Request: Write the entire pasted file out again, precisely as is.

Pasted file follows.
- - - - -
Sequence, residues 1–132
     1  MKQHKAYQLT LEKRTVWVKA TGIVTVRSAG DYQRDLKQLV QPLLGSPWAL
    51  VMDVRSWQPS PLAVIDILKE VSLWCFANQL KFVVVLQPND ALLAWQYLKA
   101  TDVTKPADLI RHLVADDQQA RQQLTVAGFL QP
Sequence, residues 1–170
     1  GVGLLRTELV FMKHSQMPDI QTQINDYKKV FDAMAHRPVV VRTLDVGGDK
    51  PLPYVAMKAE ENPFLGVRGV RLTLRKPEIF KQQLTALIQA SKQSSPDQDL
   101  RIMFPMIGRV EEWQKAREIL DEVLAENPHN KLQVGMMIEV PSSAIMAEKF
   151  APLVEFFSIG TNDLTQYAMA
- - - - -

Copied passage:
Sequence, residues 1–132
     1  MKQHKAYQLT LEKRTVWVKA TGIVTVRSAG DYQRDLKQLV QPLLGSPWAL
    51  VMDVRSWQPS PLAVIDILKE VSLWCFANQL KFVVVLQPND ALLAWQYLKA
   101  TDVTKPADLI RHLVADDQQA RQQLTVAGFL QP
Sequence, residues 1–170
     1  GVGLLRTELV FMKHSQMPDI QTQINDYKKV FDAMAHRPVV VRTLDVGGDK
    51  PLPYVAMKAE ENPFLGVRGV RLTLRKPEIF KQQLTALIQA SKQSSPDQDL
   101  RIMFPMIGRV EEWQKAREIL DEVLAENPHN KLQVGMMIEV PSSAIMAEKF
   151  APLVEFFSIG TNDLTQYAMA